Matt writes "I suppose it's the song that has started my dream to do this for a living! It's about a busker on the Southbank of London, who sees a girl walk on by every day. She doesn't notice him, but somehow hopes one day she might stop and listen to his song and let him sweep her off her feet...well is it too much to ask for?"
"I am a songwriter, whose songs cover a mix of emotions, but most of all about the terrible, thrilling and terrifying thing that is love. I try to convey these feelings in my songs and recreate this in live performances. Above all, I hope my songs can be of interest to others who have fallen in and out of love, but can't quite say how they feel".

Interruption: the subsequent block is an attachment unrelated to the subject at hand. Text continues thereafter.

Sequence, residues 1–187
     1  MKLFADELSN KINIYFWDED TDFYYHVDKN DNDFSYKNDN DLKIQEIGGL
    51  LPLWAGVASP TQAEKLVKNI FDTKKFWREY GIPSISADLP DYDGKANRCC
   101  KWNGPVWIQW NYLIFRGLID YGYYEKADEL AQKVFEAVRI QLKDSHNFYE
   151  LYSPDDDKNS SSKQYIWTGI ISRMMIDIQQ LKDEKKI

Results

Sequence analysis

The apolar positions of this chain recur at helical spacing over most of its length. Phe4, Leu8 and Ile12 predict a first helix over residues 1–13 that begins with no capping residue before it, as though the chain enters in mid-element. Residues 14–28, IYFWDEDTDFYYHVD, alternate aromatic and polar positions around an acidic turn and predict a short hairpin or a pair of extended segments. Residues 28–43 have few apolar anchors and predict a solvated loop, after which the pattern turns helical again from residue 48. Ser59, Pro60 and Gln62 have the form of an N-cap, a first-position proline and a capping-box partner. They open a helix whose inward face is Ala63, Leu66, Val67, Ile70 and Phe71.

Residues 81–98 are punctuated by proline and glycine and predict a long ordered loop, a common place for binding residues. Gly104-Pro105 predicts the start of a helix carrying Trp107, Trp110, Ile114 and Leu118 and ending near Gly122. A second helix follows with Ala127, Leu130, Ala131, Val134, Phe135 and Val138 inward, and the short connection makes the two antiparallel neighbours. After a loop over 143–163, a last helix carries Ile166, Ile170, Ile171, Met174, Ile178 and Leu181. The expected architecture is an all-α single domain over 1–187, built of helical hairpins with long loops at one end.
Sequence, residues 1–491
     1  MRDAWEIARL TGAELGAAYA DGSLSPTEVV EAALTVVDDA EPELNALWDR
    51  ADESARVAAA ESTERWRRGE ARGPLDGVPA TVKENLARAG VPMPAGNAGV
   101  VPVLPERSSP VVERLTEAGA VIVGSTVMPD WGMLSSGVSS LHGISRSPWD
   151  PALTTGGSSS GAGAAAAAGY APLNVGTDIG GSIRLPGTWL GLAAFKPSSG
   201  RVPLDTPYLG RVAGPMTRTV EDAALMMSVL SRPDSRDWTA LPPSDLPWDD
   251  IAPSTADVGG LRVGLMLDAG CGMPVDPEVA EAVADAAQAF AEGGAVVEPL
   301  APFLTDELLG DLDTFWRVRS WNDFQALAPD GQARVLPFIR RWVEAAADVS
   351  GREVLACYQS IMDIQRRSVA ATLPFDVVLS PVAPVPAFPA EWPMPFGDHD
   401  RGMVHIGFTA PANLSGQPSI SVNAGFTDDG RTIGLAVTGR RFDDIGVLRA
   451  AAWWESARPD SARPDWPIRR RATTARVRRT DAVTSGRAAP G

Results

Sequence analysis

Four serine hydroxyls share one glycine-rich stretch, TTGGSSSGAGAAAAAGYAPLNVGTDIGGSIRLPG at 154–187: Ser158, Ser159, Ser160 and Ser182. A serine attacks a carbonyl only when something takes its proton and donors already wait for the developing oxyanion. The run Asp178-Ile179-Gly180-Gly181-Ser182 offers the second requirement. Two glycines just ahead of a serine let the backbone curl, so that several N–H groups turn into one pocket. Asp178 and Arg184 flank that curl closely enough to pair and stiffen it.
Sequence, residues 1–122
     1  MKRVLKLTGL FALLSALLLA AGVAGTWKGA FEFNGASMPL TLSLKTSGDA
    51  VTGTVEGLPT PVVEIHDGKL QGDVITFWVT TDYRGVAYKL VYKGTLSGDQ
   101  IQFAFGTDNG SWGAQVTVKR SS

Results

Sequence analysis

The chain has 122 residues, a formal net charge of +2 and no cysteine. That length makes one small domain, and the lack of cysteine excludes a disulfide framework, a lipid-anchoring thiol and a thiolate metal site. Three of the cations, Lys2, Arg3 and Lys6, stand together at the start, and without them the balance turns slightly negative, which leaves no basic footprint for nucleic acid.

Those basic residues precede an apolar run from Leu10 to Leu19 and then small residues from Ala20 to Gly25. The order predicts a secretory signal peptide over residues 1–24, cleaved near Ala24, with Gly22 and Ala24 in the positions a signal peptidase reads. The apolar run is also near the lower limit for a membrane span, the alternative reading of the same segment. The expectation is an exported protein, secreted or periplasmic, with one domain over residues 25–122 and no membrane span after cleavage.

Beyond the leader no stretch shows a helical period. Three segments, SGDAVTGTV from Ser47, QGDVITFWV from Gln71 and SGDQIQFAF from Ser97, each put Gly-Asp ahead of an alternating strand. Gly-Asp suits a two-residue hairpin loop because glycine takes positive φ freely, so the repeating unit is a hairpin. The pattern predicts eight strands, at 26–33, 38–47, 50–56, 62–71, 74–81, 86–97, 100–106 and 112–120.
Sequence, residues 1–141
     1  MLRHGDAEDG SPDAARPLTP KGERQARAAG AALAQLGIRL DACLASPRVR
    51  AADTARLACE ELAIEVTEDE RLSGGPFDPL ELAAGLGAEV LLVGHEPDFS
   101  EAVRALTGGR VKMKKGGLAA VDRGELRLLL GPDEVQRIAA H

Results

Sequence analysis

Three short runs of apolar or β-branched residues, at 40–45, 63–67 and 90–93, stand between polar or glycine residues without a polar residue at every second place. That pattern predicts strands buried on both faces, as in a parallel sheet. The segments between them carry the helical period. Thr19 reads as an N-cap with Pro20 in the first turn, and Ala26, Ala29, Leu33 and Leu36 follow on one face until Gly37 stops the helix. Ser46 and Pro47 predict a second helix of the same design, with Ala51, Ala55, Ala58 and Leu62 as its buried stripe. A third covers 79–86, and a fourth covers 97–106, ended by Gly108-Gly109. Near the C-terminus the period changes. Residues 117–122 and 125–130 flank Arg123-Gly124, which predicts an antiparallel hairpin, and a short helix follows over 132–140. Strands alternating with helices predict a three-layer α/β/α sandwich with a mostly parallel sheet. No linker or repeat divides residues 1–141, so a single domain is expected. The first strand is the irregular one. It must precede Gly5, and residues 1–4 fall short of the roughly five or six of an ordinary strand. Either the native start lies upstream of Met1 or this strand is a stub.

Performing That Evening Sun.
Not enough new blues around - and this is top notch!
Performing On The Banks of the Beane.
Theme song from the film of the same name!
Two old Folkies who found they were wearing the same shirt and decide to make a song and dance about it (ok - there's no dancing! but that's a blessing believe me).
The Jones Boys
Performing The Cook in the Kitchen/The Kilkenny Jig/The Queen of the Rushes.
Three cracking Irish jigs to be found on The Jones Boys’ debut album: Like the Sun a-Glittering. Some album reviews (all very positive!) can be found here The Boys are currently a duo: multi-award-winning accordion and concertina player Sam Sloan, and on octave mandola and vocals, Gordon Jackson. The album also featured Ian Carey on mandolin, who had to leaver to spend more time with his family!
Performing The Country Carrier
From the album My Love You've Won to Keep.
Performing The Forest of Epping
From the album We May Never Walk This Road Again.